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Exacerbation of sleep apnoea by frequent central events in patients with the obstructive sleep apnoea syndrome at altitude: a randomised trial
  1. Yvonne Nussbaumer-Ochsner1,
  2. Nicole Schuepfer1,2,
  3. Silvia Ulrich1,
  4. Konrad E Bloch1
  1. 1Pulmonary Division, University Hospital of Zurich, Zurich Center for Integrative Human Physiology, University of Zurich, Switzerland
  2. 2Institute of Human Movement Sciences and Sports, Federal Institute of Technology, Zurich, Switzerland
  1. Correspondence to Konrad E Bloch, Pulmonary Division, University Hospital of Zurich, Raemistrasse 100, CH-8091 Zurich, Switzerland; konrad.bloch{at}


Background Many patients with the obstructive sleep apnoea syndrome (OSA) travel to the mountains for recreational and professional activities while temporarily discontinuing continuous positive airway pressure (CPAP) treatment. A study was undertaken to evaluate the hypothesis that altitude would aggravate their hypoxaemia, sleep-related breathing disturbances and impair daytime performance.

Methods Thirty-four patients with OSA of median age 62 years (IQR 57–65), median apnoea/hypopnoea index (AHI) 47.5 events/h (IQR 32.4–72.8), residing at <600 m were enrolled. A crossover trial randomised for the sequence of altitude exposure was carried out: patients spent 1 day in Zurich (490 m) and 4 days in the Swiss Alps at 1860 m and 2590 m (2 days each) during which continuous positive airway pressure was discontinued. Daily evaluations included polysomnography, symptom questionnaires, physical examination and driving simulator tests.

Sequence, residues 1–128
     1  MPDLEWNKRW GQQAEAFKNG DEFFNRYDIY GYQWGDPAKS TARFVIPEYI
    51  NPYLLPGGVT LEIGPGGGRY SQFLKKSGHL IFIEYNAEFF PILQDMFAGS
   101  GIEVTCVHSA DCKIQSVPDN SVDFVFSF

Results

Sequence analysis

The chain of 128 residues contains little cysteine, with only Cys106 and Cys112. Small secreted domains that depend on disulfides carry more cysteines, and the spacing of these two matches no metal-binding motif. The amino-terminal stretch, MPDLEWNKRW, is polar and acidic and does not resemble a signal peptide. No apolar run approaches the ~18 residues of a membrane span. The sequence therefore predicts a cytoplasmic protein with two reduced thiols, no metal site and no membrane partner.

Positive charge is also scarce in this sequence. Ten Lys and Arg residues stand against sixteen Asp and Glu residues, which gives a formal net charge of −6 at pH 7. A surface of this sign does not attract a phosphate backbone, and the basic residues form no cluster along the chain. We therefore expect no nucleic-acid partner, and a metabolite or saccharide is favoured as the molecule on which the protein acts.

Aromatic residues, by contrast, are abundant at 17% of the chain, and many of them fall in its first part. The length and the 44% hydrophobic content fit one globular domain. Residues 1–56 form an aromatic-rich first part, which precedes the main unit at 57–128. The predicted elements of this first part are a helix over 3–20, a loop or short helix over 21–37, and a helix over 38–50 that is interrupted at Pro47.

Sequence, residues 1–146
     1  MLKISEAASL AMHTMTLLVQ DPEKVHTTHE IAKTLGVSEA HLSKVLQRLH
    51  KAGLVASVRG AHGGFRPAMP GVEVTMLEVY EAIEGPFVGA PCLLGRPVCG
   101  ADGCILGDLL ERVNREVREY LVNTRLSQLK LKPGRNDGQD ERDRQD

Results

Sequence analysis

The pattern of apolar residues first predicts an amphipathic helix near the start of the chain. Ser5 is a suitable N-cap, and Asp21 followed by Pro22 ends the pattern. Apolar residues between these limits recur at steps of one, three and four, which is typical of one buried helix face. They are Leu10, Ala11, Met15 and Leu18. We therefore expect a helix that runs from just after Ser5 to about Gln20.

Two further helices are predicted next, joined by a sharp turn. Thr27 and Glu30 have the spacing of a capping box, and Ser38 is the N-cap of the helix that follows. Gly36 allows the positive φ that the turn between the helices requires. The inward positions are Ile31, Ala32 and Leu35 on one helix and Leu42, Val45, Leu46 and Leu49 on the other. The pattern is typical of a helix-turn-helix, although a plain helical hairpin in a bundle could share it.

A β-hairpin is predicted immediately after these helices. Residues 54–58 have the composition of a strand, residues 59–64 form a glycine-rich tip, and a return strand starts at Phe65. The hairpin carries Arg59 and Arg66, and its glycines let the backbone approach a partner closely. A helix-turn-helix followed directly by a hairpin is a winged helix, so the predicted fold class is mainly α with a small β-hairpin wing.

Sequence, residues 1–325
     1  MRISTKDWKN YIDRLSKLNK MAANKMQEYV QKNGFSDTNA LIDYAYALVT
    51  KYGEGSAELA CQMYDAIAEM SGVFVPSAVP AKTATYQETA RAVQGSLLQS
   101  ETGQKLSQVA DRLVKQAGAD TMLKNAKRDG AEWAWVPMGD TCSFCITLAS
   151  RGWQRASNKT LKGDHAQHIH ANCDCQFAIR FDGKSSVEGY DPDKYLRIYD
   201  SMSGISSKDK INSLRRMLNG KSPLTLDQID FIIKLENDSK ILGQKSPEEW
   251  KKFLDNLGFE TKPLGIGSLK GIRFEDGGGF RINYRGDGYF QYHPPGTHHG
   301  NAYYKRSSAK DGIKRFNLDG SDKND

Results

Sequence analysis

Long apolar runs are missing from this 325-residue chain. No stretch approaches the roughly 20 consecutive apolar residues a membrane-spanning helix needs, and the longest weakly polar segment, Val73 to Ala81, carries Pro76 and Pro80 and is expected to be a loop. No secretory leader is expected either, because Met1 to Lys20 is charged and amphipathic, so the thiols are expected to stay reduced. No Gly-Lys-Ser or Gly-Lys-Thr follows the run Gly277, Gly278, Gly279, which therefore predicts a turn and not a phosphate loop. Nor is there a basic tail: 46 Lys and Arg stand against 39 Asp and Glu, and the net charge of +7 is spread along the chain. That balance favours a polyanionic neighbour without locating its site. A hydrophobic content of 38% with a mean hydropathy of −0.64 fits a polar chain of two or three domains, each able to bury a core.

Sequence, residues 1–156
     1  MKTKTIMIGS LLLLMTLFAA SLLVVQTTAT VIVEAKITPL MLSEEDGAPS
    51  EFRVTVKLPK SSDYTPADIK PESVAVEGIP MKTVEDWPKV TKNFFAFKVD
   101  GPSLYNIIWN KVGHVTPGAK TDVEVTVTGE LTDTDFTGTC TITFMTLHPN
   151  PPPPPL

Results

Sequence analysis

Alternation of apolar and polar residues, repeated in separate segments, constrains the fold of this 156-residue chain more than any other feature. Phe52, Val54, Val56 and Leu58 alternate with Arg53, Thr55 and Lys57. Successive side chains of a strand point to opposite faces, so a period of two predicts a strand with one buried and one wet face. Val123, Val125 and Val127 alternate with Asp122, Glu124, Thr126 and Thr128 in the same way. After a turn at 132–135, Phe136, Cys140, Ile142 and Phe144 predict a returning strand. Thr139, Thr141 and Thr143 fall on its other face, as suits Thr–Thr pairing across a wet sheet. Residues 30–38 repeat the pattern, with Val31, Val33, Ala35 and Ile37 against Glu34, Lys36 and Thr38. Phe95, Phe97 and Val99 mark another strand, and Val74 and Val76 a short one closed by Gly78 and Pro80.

Results Polysomnography revealed median oxygen saturations at 490 m and in the first and second nights at 1860 and 2590 m, respectively, of 94%, 90%, 90%, 86% and 87% (p<0.01 between altitudes). Corresponding median AHI were 47.5, 85.1, 74.6, 90.0 and 90.9 events/h (p<0.01 between altitudes) with ratios of central to obstructive events of 0.1, 0.8, 1.0, 1.9 and 1.9 (p<0.01 between altitudes). Tracking performance during simulated driving was significantly impaired at 2590 m compared with 490 m. Systolic blood pressure and cardiac arrhythmias were increased at altitude.

Conclusions Altitude exposure in untreated patients with OSA aggravates hypoxaemia, increases sleep-related breathing disturbances due to frequent central apnoeas/hypopnoeas, impairs driving simulator performance and induces cardiovascular stress. These findings have implications for counselling and treating patients with OSA planning to travel to high altitude. identifier NCT00514826.

  • Hypoxia
  • sleep apnoea
  • control of breathing
  • periodic breathing
  • altitude

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  • Funding Swiss National Science Foundation, Lung Leagues of Zurich and of Schaffhausen, Switzerland.

  • Competing interests None.

  • Ethics approval This study was conducted with the approval of the ethics committee of the University Hospital of Zurich.

  • Provenance and peer review Not commissioned; externally peer reviewed.